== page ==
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Saving the Sagebrush Sea: An Imperiled Western Legacy

Nearly 350 plant and animal species depend on sagebrush habitat for their survival.
 


 

NWF, affiliates to candidates: Tell us where you stand on public lands

Date: 
Fri, 06/17/2016

NWF President and CEO Collin O'Mara calls on candidates to stand up for public lands. Image: Judith Kohler

ESTES PARK Colo. -- At their annual meeting, the National Wildlife Federation and its 50 state and territorial affiliates are speaking out in unison on public lands: Keep them in public hands. Affiliates from across the country are stressing about the importance of national public lands -- national parks, forests, wildlife refuges, coastlines, monuments and the open range land that maintains wildlife migration corridors.

During a June 16 news conference, O'Mara said if candidates for public office "don’t stand with our public lands, we’re not going to support them. We encourage every hunter and angler out there and everyone else who loves the outdoors to do the same."

Read more of his comments.

 

NWF opposes bills targeting national forest lands

Date: 
Wed, 06/15/2016

Two House bills would transfer millions of acres of national forest lands to states. Image: Judith Kohler

By Judith Kohler

WASHINGTON – The National Wildlife Federation has joined other conservation and sportsmen’s organizations in opposing two bills that would remove millions of acres of national forest land from the public domain, endangering fish and wildlife populations, water quality and the public’s ability to hunt, fish and recreate on these lands as it has for generations.

Both HR3560 and HR2316 would remove the public out of ownership and management decisions on large tracts of national forests, which are important sources of clean water and fish and wildlife habitat, said Mike Leahy, the National Wildlife Federation’s senior manager of public lands and sportsmen’s policy.

“Sportsmen and women and outdoor enthusiasts of all backgrounds have helped defeat several land-grab attempts in statehouses across the county and we will fight any land-giveaway schemes by Congress,” Leahy said. 

 

Interior launches needed review of federal coal program

Date: 
Mon, 05/30/2016

The Black Thunder coal mine in Wyoming's Powder River Basin. Image: EcoFlight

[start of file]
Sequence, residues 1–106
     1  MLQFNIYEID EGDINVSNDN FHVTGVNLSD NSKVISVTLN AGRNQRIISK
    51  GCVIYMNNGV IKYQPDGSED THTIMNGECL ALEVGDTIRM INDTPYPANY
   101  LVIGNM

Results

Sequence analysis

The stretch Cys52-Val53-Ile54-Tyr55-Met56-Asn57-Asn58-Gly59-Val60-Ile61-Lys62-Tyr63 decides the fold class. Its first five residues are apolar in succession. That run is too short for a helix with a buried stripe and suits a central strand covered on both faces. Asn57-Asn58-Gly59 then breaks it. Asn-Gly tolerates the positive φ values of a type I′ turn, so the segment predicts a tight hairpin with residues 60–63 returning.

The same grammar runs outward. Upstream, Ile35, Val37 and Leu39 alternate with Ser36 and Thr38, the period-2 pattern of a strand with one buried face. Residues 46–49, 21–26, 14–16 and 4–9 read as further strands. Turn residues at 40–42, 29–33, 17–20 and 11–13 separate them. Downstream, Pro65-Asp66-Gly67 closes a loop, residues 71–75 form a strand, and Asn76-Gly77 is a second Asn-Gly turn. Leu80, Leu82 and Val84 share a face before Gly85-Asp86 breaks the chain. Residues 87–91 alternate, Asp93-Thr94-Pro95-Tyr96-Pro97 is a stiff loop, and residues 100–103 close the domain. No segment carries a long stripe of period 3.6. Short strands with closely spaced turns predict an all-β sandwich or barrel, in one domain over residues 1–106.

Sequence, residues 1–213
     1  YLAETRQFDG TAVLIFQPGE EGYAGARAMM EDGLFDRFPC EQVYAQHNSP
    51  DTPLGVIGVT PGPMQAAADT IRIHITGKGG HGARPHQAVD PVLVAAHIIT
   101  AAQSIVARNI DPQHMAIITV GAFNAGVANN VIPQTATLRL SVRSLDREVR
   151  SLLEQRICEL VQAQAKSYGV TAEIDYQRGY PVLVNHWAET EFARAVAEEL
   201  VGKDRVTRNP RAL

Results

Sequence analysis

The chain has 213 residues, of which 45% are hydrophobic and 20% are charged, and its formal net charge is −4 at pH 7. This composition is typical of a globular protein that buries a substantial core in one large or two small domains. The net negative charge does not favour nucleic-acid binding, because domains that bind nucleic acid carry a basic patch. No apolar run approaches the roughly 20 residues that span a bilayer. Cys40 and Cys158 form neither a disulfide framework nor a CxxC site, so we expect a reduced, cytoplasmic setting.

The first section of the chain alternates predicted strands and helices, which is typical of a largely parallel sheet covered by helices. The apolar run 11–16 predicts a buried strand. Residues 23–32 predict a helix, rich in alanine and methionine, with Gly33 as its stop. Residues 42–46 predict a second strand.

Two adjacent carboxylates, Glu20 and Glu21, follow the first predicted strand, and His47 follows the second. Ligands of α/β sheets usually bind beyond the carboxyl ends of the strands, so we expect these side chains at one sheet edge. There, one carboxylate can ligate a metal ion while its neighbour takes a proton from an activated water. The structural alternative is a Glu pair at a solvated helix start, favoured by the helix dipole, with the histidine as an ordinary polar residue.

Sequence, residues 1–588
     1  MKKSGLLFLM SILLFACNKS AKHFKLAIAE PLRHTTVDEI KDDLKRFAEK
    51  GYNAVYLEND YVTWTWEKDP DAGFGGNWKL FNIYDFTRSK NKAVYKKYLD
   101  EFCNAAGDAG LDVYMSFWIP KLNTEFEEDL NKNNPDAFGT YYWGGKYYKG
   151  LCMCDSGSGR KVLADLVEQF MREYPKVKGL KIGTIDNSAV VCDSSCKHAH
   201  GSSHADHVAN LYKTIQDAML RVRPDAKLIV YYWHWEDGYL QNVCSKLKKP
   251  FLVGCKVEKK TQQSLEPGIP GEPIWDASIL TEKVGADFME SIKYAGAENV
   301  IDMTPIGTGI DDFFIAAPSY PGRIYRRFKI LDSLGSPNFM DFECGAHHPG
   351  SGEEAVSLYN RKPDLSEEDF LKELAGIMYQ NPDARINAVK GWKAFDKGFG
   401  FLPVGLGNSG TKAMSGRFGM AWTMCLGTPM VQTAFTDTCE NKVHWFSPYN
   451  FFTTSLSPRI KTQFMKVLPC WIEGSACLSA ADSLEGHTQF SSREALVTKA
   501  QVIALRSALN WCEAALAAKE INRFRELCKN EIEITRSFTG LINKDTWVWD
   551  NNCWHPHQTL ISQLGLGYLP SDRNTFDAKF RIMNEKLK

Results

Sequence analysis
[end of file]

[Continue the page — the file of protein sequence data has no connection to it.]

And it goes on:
CASPER, Wyo. -- The National Wildlife Federation and its state affiliates have joined other sportsmen's and conservation organizations in urging the Interior Department to modernize its federal coal program to ensure a fair return to U.S. taxpayers, require that mined land is reclaimed before more public land is leased, improve reclamation standards and provide funding to restore wildlife habitat.

The Bureau of Land Management is holding public meetings across the country as it launches a review of the federal coal program in what would be the first update of regulations in 30 years.

“As more coal companies declare bankruptcy and struggle to cover costs, American taxpayers face the risk of getting stuck with the bill to reclaim the growing backlog of disturbed land, much of it in the heart of important wildlife habitat. Now more than ever, it is time for coal leasing reform on our public lands: our fish and wildlife depend on it; our workers depend on it; and our way of life depends on it." ~ Brenda Lindlief Hall, NWF coal program coordinator.

 

NWF, affiliates: Attacks on sage-grouse conservation don't belong in defense bill

Date: 
Sun, 05/22/2016

Image: USFWS/Mountain-Prairie Region

In a repeat of last year, the U.S. House has passed the National Defense Authorization Act with unrelated environmental and wildlife provisions, including one that would block federal plans to conserve sage-grouse and its habitat -- the sagebrush steppe, which supports more than 350 species. The bill passed May 18 also contains language that would undermine the goal of keeping invasive species out the Great Lakes; block Endangered Species Act protections for the lesser prairie chicken; and transfer more half of the Desert National Wildlife Refuge in Nevada to the Air Force even though the military hasn't requested the transfer. 

“Weakening protections for our nation’s fish and wildlife in a piece of legislation intended to strengthen national defense is simply unacceptable,” said Collin O’Mara, president and CEO of the National Wildlife Federation. 

 

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